Self-Reported Health as Predictor of Allostatic Load and All-Cause Mortality: Findings From the Lolland-Falster Health Study

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Objectives: The aim was to determine the association between self-reported health (SRH), allostatic load (AL) and mortality.

Methods: Data derived from the Lolland-Falster Health Study undertaken in Denmark from 2016–2020 (n = 14,104). Median follow-up time for death was 4.6 years where 456 participants died. SRH was assessed with a single question and AL by an index of ten biomarkers. Multinomial regression analysis were used to examine the association between SRH and AL, and Cox regression to explore the association between SRH, AL and mortality.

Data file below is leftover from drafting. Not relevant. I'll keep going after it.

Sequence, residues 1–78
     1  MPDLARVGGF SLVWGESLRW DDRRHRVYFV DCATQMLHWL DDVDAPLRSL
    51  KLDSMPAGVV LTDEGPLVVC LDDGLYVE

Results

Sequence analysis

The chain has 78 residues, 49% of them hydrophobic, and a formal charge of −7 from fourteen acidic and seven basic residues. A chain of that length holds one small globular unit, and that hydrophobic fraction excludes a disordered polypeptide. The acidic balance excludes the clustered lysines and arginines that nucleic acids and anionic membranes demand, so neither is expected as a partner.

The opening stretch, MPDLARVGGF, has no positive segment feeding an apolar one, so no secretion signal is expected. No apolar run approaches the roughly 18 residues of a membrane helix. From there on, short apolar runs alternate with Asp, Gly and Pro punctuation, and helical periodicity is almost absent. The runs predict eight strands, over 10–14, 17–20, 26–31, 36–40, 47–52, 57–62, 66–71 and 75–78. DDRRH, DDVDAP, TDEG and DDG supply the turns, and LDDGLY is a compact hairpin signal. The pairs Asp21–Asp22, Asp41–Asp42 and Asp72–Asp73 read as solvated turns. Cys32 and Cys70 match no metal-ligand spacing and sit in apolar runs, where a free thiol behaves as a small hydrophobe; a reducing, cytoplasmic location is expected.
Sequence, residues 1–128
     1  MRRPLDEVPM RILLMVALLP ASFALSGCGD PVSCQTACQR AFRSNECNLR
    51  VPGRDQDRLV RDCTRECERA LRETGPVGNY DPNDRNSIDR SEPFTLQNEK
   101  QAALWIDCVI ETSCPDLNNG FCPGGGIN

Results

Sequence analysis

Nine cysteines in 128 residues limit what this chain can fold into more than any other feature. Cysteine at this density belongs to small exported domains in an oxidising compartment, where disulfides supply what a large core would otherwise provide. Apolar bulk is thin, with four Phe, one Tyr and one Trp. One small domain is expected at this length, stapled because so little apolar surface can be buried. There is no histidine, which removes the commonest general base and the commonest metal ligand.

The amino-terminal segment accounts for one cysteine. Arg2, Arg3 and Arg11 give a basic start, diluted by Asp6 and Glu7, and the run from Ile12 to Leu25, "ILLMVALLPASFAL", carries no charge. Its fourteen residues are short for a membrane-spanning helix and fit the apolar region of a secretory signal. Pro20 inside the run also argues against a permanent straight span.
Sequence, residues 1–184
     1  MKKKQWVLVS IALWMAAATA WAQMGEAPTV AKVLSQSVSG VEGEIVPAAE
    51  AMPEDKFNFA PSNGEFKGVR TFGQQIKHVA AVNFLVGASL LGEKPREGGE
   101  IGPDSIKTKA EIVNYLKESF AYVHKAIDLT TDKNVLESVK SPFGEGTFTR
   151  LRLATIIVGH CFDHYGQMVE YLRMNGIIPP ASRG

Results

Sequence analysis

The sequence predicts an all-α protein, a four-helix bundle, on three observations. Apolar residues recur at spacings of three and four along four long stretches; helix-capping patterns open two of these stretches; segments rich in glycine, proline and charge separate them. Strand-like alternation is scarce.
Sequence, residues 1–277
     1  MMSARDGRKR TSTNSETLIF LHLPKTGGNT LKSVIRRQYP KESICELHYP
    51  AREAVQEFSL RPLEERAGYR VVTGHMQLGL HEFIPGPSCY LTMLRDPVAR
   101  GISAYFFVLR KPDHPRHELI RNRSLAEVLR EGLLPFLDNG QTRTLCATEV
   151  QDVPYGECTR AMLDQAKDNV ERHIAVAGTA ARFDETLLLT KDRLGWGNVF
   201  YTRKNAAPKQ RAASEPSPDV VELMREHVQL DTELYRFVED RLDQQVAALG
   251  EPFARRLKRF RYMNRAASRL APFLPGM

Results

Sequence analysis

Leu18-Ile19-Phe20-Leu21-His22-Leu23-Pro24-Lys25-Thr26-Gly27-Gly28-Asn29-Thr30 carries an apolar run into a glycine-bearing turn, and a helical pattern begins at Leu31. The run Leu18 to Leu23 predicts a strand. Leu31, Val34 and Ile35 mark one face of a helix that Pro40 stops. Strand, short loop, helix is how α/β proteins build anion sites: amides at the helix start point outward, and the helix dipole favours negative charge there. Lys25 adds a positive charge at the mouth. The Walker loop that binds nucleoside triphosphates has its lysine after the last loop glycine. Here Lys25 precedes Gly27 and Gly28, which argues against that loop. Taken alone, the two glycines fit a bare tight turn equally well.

Results: The risk of high AL increased by decreasing level of SRH. The ratio of relative risk (RRR) of having medium vs. low AL was 1.58 (1.11–2.23) in women reporting poor/very poor SRH as compared with very good SRH. For men it was 1.84 (1.20–2.81). For high vs. low AL, the RRR was 2.43 (1.66–3.56) in women and 2.96 (1.87–4.70) in men. The hazard ratio (HR) for all-cause mortality increased by decreasing SRH. For poor/very poor vs. very good SRH, the HR was 6.31 (2.84–13.99) in women and 3.92 (2.12–7.25) in men.

Conclusion: Single-item SRH was able to predict risk of high AL and all-cause mortality.
Original languageEnglish
Article number1606585
JournalInternational Journal of Public Health
Number of pages9
Publication statusPublished - 2024

ID: 381142931